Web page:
- Three-year on-site swap-out warranty
- hardware controls for brightness, contrast and audio volume
- compact, narrow bezel design.
- Slightly tight on viewing angles.
Iiyama describes its new 17in. ProLite TFT display as an entry-level monitor, which is reflected to an extent in its list price of £325 (ex. VAT). Where 17in. TFTs are concerned at the moment, 'cheap' is about £230 or so, 'affordable' is £300 to £350, and 'premium' is £450 (all ex. VAT). To put this in a wider context, you'd pay around £80 for a plausible 17in. CRT alternative to the ProLite.Not that most system integrators or buyers upgrading privately see the glass tube as a viable alternative to the TFT panel these days. Now that TFT prices have fallen to realistic levels, the advantages of higher image quality, higher usable resolution for a given diagonal, and huge space savings are proving irresistible from the high street to the board room.
Iiyama hasn’t tried to be clever with the ProLite, concentrating instead on providing the features you’re likely to need and omitting extras that will push the price up. So there’s no digital signal input, just plain D-SUB VGA; there’s also no integrated USB hub, which may well be more missed than a digital input -- especially if your PC has its USB ports at the back. You do get an audio input for the pair of 1.5W stereo speakers built into the bottom corners of the bezel. Like virtually all such integrated audio, these are functional but basic, and not intended to encroach on the territory of free-standing speaker systems. There’s no hardware mute, but you can adjust the volume quickly and easily from primary functions of the control buttons, which always beats having to fiddle about in software. Flat panels should always be compact, since size is one of their main selling points, but the ProLite is small for its class thanks to a narrow bezel only about 15mm wide except at the bottom, where there’s a bit more depth to accommodate the control buttons and speakers. This helps keep the weight down to a modest 4.1kg, and allows the designers to get away with an equally compact, but stable stand. The power supply is external, which lets you get that much further away from the nearest mains socket, even if it is a bit less neat and tidy than having the PSU built into the stand itself. Iiyama provides Windows drivers, but you don’t seem to need them with ME or later -- we just plugged in, then used the Auto setup button on the bezel to tune the panel to the host PC. As is usually the case with flat panel monitors, this approach worked gratifyingly well, and there was no need to delve further into the on-screen setup menu to improve the image. If you ever do need to make manual adjustments, the setup options cover the essentials, from eliminating horizontal and vertical distortion with clock and phase tuners to colour temperature presets and one RGB-adjustable custom colour channel.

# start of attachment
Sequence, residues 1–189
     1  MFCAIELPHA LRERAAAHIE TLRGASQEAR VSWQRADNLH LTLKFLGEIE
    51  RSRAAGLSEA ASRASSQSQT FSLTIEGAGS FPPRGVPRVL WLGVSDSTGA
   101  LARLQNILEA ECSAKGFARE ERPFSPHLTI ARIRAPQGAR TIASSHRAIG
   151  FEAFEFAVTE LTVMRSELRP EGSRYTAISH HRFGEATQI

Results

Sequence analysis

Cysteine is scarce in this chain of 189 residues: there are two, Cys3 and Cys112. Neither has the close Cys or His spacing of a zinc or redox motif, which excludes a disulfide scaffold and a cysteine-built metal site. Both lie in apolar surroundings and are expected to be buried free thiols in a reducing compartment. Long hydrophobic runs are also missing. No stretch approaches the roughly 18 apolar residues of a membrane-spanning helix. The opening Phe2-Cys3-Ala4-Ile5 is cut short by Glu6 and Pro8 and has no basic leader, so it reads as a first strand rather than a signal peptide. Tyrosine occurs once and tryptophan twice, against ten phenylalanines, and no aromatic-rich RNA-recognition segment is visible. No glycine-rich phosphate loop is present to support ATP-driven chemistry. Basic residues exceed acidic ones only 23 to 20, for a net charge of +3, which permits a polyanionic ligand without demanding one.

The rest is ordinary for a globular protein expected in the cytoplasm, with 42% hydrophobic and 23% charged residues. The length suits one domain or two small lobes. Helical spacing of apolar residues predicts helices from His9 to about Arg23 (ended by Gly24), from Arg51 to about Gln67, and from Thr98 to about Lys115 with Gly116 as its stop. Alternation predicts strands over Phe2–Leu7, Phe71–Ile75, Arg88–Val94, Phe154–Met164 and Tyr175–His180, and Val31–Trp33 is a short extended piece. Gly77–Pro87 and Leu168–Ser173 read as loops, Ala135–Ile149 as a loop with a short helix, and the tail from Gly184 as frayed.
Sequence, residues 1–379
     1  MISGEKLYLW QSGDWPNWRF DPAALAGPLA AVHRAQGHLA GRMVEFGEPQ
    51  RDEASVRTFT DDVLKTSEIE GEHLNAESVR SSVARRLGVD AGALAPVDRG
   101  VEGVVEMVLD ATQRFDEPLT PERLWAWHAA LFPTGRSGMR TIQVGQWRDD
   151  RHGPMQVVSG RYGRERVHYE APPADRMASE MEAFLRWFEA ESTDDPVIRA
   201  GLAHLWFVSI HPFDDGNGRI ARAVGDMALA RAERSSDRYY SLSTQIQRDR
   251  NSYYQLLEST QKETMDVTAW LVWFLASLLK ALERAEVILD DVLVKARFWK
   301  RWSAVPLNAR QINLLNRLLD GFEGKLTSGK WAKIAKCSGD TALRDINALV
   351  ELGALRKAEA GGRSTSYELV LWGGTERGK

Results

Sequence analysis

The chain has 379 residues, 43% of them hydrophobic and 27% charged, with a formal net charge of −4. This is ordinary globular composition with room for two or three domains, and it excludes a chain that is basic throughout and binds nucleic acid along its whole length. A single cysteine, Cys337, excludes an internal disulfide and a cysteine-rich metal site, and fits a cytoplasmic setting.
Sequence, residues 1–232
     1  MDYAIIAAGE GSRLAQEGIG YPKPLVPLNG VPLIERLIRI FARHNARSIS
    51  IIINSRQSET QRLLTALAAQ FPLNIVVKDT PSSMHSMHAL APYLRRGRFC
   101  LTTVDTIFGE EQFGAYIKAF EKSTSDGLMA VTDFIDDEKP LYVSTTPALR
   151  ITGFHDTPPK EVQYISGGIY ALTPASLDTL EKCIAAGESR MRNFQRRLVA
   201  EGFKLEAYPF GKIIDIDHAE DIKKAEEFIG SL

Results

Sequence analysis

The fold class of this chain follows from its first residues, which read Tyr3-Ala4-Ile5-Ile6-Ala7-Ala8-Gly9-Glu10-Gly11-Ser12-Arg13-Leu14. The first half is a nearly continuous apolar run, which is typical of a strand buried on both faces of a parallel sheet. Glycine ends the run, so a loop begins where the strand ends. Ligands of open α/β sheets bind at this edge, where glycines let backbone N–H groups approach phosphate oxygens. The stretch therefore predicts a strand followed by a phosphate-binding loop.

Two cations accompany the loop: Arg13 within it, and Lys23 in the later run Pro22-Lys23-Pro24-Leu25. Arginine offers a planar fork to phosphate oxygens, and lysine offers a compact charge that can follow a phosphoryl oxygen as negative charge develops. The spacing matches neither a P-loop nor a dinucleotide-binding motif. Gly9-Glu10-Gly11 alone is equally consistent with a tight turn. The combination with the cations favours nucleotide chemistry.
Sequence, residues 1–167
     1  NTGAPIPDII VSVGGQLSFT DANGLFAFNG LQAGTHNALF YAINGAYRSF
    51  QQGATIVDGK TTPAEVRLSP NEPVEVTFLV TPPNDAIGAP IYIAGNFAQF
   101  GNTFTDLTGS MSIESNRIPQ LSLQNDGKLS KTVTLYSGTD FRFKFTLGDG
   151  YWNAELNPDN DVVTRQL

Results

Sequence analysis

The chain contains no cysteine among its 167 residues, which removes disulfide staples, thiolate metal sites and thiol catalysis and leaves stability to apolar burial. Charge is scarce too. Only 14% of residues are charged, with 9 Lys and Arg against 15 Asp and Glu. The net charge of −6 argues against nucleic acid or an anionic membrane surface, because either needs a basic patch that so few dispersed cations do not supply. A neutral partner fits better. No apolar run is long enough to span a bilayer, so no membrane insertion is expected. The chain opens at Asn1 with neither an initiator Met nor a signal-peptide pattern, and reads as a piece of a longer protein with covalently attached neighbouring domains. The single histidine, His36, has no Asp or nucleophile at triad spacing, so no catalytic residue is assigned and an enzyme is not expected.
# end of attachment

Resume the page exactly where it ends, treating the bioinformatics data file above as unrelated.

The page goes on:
The 17in. panel has a native resolution of 1,280 by 1,024, which is the ideal choice for this diagonal -- neither too high (tiny, unreadable text and minute screen objects), or too low (big, Fisher-Price style Windows desktop). There were no discernable stuck pixels, and the screen was brightly illuminated, although we did notice that the viewing angles -- particularly the vertical -- were a bit tight. This showed up as a tell-tale difference in apparent brightness: lighter along the bottom; darker at the top. The effect wasn’t that serious, and is only likely to be a show-stopper if you are after a particularly good standard of display, in which case you’re probably going to be looking at something more expensive than the ProLite anyway. There can be a certain sameness about flat panels at this sort of price, so as a final point, it’s worth remembering that Iiyama backs its monitors with a three year swap-out on-site warranty. A decent helping of peace of mind like this might be enough to swing it for the ProLite if you were finding it hard to decide.